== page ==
After passing by the lake, highway 20 connected with U.S. Highway 281, which brought us through some very quiet, small towns. We made stops in New Rockford (population 1,463) and Carrington (population 2,268), and even though Carrington seemed to have more activity going on, there was a very strange feeling that we were the only car on the road as we traveled along the cities’ house-lined streets.
We finally made it into Jamestown after this, and found our hotel room for the night. Jamestown is probably best known as being the city that has the “largest buffalo in the world” in it, as that, and other tourist trap attractions, can easily be found off of interstate 94 passing through the outskirts of town. Jamestown is, however, also the hometown of author Louis L’amore and also features the impressive James River Valley.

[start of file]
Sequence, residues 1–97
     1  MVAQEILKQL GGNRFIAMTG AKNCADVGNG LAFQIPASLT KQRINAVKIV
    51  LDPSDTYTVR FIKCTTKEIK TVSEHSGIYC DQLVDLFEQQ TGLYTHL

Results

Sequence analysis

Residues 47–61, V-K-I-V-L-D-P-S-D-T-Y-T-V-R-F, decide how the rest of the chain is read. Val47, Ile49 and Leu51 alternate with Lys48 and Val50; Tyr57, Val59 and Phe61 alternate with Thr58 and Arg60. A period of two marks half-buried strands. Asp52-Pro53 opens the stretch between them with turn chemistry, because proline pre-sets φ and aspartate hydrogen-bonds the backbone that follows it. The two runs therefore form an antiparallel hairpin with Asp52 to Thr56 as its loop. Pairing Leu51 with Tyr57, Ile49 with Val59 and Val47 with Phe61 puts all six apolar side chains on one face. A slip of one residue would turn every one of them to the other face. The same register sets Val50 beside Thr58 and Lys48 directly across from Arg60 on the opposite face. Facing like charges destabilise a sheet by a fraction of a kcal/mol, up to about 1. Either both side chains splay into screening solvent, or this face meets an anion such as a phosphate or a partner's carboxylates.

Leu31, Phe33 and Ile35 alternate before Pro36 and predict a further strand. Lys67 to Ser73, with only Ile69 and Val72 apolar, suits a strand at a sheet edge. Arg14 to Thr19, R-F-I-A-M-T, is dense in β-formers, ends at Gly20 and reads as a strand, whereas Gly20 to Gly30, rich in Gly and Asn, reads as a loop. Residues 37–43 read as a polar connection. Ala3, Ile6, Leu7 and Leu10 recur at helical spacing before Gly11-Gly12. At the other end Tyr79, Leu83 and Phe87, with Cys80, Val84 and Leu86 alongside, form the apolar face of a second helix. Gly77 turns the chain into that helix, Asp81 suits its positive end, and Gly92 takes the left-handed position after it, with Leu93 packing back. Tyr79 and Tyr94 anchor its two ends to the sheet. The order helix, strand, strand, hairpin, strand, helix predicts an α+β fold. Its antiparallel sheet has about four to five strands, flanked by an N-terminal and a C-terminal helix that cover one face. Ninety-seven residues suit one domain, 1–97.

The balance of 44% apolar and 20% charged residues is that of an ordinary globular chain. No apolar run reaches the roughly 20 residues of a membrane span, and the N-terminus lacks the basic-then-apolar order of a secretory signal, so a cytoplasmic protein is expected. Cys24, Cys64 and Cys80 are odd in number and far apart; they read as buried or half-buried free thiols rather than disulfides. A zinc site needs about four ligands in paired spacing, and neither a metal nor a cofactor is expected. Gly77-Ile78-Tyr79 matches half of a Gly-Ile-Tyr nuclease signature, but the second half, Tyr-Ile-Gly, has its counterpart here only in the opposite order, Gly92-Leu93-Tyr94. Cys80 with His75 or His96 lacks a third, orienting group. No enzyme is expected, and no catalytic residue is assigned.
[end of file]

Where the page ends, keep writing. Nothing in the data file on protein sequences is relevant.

Pretty much the entire city is located in the deep valley, so one of the fun things to do is go up to where the large buffalo is – since it’s located on top of a hill – and look below at the entire city, which has a population of 15,527, and is the largest in the 200-mile distance between West Fargo and Bismarck.
After moseying around town some more on Saturday, we finally left at around 1:30 PM. It had started raining at around noon, but it wasn’t that heavy, and it certainly didn’t stop me from going to find Jamestown’s only geocache, the Jamestown Centennial Forest. Even though I got pretty wet, it was nice to know that I finally got around to dropping off a travel bug I had had in my possession since – oops! – November.
The rain picked up as we got on the interstate to head east of town. By the time we made a stop in Valley City, 30 miles away, the rain was constant and heavy. Valley City was a lot like Jamestown, in that the entire city was built in a valley. It, like Jamestown, was pretty scenic, but, unfortunately, I didn’t get any pictures since it was raining so heavily.